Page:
Tuesday, May 11, 2010

Fuel cells get up to speed with a new kind of platinum

A new form of platinum has been made that may be able to create cheaper, more efficient fuel cells. This process may be able to create a broader use of these devices, which create emissions-free energy using hydrogen. Fuel cells have always been a possibility for an energy source since their inception over a hundred years ago, but require such extreme amounts of platinum, their cost would sky rocket. With these changes made in the platinum, the requirement need for the cells has been reduced by 80 percent, with another 10 percent being hoped for. Fuel cells work a lot like batteries, but with hydrogen and oxygen. This plan to create a more efficient form of platinum started in 2005, by University of Houston researcher Peter Strasser. Peter Strasser and his colleagues approached this through a process called dealloying, by combining copper with the platinum to make it more reactive. The next step will be putting the platinum alloy under an intensive x-ray scan to see exactly the reactions between the oxygen and platinum. It is hoped that if this form of fuel cells becomes efficient enough, gasoline engines and the batteries of small electronic devices can be replaced.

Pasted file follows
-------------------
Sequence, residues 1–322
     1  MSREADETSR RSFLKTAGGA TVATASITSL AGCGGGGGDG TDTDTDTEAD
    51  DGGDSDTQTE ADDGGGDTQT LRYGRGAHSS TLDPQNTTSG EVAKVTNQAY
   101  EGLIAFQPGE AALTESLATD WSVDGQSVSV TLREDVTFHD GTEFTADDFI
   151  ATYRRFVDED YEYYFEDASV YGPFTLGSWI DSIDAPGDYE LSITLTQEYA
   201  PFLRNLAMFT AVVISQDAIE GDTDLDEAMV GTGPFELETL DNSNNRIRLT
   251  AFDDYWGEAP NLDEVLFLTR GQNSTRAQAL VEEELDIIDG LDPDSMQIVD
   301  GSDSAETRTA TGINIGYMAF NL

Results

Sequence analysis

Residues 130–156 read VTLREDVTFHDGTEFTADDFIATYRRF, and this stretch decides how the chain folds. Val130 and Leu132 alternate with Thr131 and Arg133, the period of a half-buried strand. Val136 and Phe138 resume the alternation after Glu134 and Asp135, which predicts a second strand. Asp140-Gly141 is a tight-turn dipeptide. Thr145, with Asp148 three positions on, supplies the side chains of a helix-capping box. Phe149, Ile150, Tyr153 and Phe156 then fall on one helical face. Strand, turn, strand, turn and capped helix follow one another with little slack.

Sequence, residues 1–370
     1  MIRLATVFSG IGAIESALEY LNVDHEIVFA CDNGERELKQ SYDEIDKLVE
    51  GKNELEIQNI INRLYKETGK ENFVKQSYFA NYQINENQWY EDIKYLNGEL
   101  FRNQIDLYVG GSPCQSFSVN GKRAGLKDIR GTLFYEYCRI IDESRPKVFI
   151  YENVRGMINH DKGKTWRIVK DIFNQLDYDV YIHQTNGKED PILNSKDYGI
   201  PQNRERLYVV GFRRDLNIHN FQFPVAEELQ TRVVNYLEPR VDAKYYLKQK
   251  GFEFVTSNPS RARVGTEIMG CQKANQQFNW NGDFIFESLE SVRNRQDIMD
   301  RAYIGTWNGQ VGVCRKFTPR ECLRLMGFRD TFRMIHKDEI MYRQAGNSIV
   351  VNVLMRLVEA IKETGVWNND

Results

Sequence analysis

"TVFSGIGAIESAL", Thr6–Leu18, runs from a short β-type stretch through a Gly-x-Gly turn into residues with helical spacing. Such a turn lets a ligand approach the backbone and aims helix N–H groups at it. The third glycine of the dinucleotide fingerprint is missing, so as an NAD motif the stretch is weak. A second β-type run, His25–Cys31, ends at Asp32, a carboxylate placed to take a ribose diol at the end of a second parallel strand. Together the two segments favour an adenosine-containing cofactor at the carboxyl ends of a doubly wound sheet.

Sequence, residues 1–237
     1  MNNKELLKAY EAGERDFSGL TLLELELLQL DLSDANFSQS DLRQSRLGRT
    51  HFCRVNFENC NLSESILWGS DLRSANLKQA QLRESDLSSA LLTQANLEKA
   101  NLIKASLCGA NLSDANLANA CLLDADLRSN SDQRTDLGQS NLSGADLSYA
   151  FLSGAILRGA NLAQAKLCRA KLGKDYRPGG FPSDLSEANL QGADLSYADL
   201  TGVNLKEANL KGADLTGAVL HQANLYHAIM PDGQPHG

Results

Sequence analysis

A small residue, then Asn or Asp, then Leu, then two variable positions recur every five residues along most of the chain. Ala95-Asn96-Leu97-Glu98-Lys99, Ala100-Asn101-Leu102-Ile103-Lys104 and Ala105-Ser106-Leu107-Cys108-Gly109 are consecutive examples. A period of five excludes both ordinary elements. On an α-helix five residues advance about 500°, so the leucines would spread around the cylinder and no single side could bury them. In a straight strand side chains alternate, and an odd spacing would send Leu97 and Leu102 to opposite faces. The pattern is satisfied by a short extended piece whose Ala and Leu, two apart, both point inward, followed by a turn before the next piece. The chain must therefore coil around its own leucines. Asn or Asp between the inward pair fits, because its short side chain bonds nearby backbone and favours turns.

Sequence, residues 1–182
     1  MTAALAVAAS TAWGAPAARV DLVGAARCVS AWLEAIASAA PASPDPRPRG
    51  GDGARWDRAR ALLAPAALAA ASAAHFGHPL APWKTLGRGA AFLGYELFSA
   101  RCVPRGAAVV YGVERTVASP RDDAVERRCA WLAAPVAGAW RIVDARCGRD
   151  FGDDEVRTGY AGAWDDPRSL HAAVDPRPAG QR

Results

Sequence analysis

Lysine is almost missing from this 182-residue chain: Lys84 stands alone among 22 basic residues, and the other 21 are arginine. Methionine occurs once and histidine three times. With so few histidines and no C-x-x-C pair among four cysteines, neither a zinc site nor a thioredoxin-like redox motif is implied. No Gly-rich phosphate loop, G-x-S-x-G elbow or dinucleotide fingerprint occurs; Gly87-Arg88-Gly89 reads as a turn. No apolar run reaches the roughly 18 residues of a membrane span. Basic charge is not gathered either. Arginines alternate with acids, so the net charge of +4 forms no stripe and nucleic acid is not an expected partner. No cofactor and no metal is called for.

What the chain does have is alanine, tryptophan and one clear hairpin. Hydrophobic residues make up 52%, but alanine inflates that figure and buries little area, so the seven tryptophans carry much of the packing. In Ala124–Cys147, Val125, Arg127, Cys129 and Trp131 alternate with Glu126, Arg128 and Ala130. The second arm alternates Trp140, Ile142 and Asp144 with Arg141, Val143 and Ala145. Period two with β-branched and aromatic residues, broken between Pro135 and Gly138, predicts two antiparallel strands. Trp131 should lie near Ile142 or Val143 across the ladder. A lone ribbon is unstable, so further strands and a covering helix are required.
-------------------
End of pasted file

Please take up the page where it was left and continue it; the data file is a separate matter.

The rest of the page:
It's about time that a more efficient form of energy for cars was found, and the fact that it does not emit any harmful substances is unbelievable. Even if we weren't able to get a huge sum of money off the cost, it would be very helpful in the long run for us to use it. Platinum has no supreme source either, but if we can manage to use it, we can back off the horrible addiction to fossil fuels we have. Fossil fuels are hurting the environment, our wallets, and is depleting fairly quickly, seeing as we will not be able to get anymore anytime soon. Science now-a-days often seems fairly fairy tale-like, but this kind of change could dramatically effect our way of living.

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